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WASHINGTON (AP) -- It's a better deal at first, but student loan rates could steadily climb and cost students more over the long haul under the plan House Republicans are considering.
Members of the Republican-led House Education and Workforce Committee planned on Thursday to finish up a bill that would keep interest rates from doubling on new subsidized Stafford loans on July 1. The GOP measure provides lower rates immediately and for the next few years, but the plan also comes with potentially higher costs for some students in coming years.
Democrats planned unified opposition.
"It's clear that the Republican student loan proposal will increase the cost of education for students and families," said Rep. George Miller of California, the senior Democrat on the committee. "Instead of adding billions in new debt onto borrowers, Congress should keep student loan interest rates affordable in the short term to ensure that a college degree remains within reach for students and families."
Without Congress' action, interest rates for new subsidized Stafford student loans would double from 3.4 percent to 6.8 percent on July 1. Neither party wants to see that happen, although there are strong differences in the methods to dodge that.
Under the proposal by the committee's chairman, Rep. John Kline, R-Minn., student loans would be reset every year and based on 10-year Treasury notes, plus an added percentage. For instance, students who receive subsidized or unsubsidized Stafford student loans would pay the Treasury rate, plus 2.5 percentage points.
Using Congressional Budget Office projections, that would translate to a 5 percent interest rate on Stafford loans in 2014 but climb to 7.7 percent for loans in 2023. Stafford loan rates would be capped at 8.5 percent, while loans for parents and graduate students would have a 10.5 percent ceiling under the GOP proposal.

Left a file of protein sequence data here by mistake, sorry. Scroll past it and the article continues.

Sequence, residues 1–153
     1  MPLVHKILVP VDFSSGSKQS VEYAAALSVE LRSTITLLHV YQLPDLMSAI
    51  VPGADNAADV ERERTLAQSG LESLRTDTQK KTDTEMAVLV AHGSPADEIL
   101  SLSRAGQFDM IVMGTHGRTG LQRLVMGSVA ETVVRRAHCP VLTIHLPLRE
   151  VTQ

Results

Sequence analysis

In real dollars, the GOP plan would cost students and families heavily, according to the nonpartisan Congressional Research Service. The office used the CBO projections for Treasury notes' interest rates each year.
Students who max out their subsidized Stafford loans over four years would pay $8,331 in interest payments under the Republican bill, and $3,450 if rates were kept at 3.4 percent. If rates were allowed to double in July, that amount would be $7,284 over the typical 10-year window to repay the maximum $19,000.
For students who borrow the maximum subsidized and unsubsidized Stafford loans, they would pay $12,374 in interest under the Republican bill. The interest charges would be $10,867 if subsidized loans were allowed to double in July, or $7,033 if rates stay the same. The maximum available in subsidized and unsubsidized amounts is $27,000.
Graduate students and parents, meanwhile, would see interest payments reach $27,680 for four years of college under the GOP plan. If Congress keeps the rates the same, their interest payments would be $21,654 on the original maxed-out $40,000 loan, according to the Congressional Research Service report.
Democrats ahead of the hearing pledged to oppose Kline's plan and said they would offer amendments to the bill. They declined to provide further details before Kline gaveled the committee into its morning session. One idea that is popular among Democrats is to extend the 3.4 percent rate for subsidized Stafford loans for two years while leaders work on a long-term fix.
The White House, meanwhile, remained skeptical of the House measure.
"While we welcome action by the House on student loans, we have concerns about an approach that both fails to guarantee low rates for students on July 1 and asks too many of them to bear the burden of deficit reduction through unaffordable rates," White House spokesman Matt Lehrich said in a statement.
Obama's budget outline included flexible rates for student loans, pegging the interest to markets, but did not have a cap. Republicans had long pushed for the flexible rates and Kline said he would go along with Obama on that principle while adding a cap that Democrats sought.
During the 2010-11 academic year, about 7.5 million undergraduates borrowed from the subsidized Stafford loan program. In all, there were 36 million students loan borrowers through federal programs, according to the Education Department.